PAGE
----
Ex-Chicago official charged with accepting bribes from red light camera company

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A former city worker is accused of accepting bribes in connection with the red light camera program. (WLS)

A bribery investigation is underway involving Chicago's red light camera program. The alleged bribes were directed to a now-retired high-ranking CDOT official, and the payments included a car, vacations, even a condo, all in exchange for red light camera contracts totaling $124 million.

They've generated four million tickets, adding more than a quarter-billion dollars to the city's coffers, but on Wednesday, federal prosecutors say John Bills also reaped benefits from Chicago's red light cameras.

"John denies ever taking a bribe from anybody," said Nishay Sanan, defense attorney. "He didn't have the power within the city of Chicago to direct any contract to anybody."

The 52-year-old Bills served as deputy transportation commissioner during the Daley administration before retiring in 2011. And in this criminal complaint, prosecutors say he accepted bribes from Arizona-based Redflex Traffic Systems, which became the city's red light camera vendor in 2003.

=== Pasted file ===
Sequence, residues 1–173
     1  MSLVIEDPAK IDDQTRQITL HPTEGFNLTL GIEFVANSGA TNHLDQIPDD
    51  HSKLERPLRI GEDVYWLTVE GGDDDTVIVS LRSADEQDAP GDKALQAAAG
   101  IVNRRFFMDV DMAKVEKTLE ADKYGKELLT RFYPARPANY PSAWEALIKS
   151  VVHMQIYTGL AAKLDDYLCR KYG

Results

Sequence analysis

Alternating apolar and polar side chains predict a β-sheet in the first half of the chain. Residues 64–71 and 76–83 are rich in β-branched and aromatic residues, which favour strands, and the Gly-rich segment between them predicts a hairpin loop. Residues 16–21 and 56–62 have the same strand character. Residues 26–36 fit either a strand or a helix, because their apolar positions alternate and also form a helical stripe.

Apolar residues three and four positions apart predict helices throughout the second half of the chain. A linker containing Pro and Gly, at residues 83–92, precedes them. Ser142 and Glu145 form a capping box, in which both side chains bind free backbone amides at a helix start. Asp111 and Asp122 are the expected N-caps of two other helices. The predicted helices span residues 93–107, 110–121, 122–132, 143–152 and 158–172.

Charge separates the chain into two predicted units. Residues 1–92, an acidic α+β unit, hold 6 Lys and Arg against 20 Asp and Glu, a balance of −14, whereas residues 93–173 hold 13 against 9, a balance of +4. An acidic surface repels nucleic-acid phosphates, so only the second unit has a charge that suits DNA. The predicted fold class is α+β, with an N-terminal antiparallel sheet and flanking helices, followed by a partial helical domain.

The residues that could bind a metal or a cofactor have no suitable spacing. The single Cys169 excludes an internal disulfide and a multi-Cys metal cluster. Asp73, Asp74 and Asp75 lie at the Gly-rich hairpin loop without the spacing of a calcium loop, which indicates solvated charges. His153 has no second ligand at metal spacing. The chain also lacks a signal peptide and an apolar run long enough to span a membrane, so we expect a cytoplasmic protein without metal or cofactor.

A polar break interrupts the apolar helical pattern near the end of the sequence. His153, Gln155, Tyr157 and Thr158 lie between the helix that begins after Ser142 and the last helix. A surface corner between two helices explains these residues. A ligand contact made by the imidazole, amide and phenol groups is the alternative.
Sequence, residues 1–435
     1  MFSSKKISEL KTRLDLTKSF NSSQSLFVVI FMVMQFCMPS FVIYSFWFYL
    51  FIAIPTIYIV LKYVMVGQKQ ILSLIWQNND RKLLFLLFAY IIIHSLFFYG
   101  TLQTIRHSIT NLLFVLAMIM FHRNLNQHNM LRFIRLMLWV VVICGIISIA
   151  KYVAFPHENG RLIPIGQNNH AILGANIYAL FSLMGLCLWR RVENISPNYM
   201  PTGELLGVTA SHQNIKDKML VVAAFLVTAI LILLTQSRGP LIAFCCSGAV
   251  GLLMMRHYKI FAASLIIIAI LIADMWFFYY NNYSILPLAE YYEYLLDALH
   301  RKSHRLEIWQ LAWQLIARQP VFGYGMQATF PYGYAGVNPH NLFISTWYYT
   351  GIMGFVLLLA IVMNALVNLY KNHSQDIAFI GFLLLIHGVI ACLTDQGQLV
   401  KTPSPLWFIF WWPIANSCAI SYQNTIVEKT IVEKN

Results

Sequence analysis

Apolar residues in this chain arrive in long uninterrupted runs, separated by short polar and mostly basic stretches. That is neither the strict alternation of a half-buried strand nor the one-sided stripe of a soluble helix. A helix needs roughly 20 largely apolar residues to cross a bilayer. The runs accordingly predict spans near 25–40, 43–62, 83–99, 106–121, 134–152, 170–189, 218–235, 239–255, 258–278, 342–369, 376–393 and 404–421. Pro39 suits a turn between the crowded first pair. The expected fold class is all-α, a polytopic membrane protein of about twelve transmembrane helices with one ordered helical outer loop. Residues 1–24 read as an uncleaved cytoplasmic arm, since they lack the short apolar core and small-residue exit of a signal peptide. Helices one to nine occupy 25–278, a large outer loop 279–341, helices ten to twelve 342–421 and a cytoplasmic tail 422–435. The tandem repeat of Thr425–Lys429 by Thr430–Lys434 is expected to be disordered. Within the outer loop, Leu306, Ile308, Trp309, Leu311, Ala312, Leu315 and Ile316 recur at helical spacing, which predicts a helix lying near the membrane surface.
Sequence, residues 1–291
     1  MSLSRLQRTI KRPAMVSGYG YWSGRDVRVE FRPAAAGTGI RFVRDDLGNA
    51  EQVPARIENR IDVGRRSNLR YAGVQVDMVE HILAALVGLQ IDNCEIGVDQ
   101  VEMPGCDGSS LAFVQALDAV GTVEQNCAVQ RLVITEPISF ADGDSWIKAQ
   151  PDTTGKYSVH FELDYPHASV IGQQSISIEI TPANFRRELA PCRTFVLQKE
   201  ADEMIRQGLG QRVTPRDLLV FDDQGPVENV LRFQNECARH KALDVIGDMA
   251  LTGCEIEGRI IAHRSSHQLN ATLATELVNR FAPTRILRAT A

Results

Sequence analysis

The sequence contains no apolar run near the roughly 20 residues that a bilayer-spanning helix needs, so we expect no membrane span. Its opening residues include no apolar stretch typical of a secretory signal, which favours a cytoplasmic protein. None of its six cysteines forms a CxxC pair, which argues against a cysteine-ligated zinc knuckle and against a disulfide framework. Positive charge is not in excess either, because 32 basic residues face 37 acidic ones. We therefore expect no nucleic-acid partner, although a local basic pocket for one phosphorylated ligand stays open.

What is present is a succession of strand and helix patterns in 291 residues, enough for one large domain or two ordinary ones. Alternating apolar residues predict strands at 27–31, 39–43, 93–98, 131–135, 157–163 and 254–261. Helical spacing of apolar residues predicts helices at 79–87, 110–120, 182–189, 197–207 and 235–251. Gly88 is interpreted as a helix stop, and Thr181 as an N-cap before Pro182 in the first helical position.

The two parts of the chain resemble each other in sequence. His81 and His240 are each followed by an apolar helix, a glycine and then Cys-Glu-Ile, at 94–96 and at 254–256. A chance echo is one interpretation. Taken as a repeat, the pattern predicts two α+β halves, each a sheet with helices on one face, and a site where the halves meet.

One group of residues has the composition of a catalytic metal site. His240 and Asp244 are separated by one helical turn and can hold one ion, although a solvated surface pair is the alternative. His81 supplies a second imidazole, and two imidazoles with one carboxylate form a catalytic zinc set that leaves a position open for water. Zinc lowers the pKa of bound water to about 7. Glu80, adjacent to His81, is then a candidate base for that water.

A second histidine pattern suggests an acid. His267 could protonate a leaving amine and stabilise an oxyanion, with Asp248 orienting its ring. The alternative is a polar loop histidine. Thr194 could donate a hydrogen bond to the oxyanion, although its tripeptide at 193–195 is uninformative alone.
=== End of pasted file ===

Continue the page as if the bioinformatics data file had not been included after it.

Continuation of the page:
Prosecutors say Bills accepted hundreds of thousands of dollars in cash and other payments, including a Mercedes, Super Bowl trips, and a $177,000 condo in Arizona, all in exchange for steering multiple contracts to Redflex. It's a charge his attorney denies.

"He was on the evaluation team. It went before a board in 2003 where seven people had to vote. He was only one of those votes," said Sanan.

But prosecutors say Bills used his influence to ensure the bid for Redflex. After the allegations first surfaced in 2012, Mayor Rahm Emanuel fired Redflex as the city's red light camera operator.

"As soon as we found out they were under investigation, we put the whole contract that we inherited out to bid, and they're no longer working there," said Emanuel.

But on Wednesday, opponents of the city's red light cameras say Bills' alleged conduct is an indictment of the system itself.

"I think it fits the culture, and it demonstrates that this is more about economic enrichment than it is about providing public safety," said Mark Wallace, Citizens to Abolish Red Light Cameras.

In a statement Wednesday night, Redflex says it conducted an internal investigation last year and that those involved in the bribery scandal no longer work for the company. Redflex says it's fully cooperating with authorities.




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